Karli Moore shines as beacon of hope, encouragement through trying surgery, rehabilitation

Fifth-year assistant coach hopes to return to sidelines this season after spinal surgery


STEPHENVILLE – Tarleton assistant basketball coach Karli Moore was enjoying what can only be described as a “great” summer vacation.

After helping Tarleton reach the NCAA regional tournament for the third straight year and bringing in a slew of new talent as a part of the next generation of the women’s basketball program, Moore took some time to visit Hawaii with her family. Shortly after her return, Moore started to experience unexplained back pain.

After multiple failed attempts at relief, Moore’s friend and former teammate Raven McGrath, who is currently in physical therapy school, suggested an MRI – little did either know that this suggestion would be a life-changing one.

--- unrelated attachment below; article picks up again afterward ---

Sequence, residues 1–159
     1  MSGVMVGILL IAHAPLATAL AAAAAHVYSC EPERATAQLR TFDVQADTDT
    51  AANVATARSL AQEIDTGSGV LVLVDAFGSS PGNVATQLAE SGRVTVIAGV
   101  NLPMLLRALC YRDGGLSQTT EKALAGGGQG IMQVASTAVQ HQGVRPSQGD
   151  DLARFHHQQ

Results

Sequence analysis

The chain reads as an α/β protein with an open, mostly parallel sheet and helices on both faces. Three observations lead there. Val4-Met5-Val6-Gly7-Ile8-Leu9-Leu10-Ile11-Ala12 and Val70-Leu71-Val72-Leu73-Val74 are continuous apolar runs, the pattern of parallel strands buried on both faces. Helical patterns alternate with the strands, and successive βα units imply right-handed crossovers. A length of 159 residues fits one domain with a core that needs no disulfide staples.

The MRI on her back revealed a lipoma, or fatty tumor, on her thoracic spine from T1-T5. While most lipomas are considered more of a nuisance than serious, this one brought serious concern because the location indicated it could be attached to her spinal column.  After a few visits to the neurosurgeon and eight more MRIs it was confirmed that Moore would have to have spinal surgery.

“Going into surgery, I thought I would be in the hospital for two or three days then be off of work for a couple of weeks and be right back to work. That’s kind of what everyone expected,” said Moore. “The doctor said there was a possibility of complications because it looked like there was a part on the spinal cord but she wouldn’t know for sure until the surgery. All we knew was that it needed to be removed because it was putting a lot of pressure on my spinal cord, causing pain, and could create more complications, like paralysis if it wasn’t removed.”

Moore went in for surgery on September 17.

Come surgery day, the doctors discovered the tumor was much bigger than initially expected.
The lipoma actually expanded and wrapped around the spinal cord which pushed the spinal cord to the left. Moore’s doctors believe the lipoma had been there since birth and that her spinal cord had adapted with the slow growth which kept the back pain in check until now.

During surgery, a biopsy of the tumor was sent to pathology and tested for cancer, which came back benign.

“This was another answer to many prayers throughout this process,” Moore said.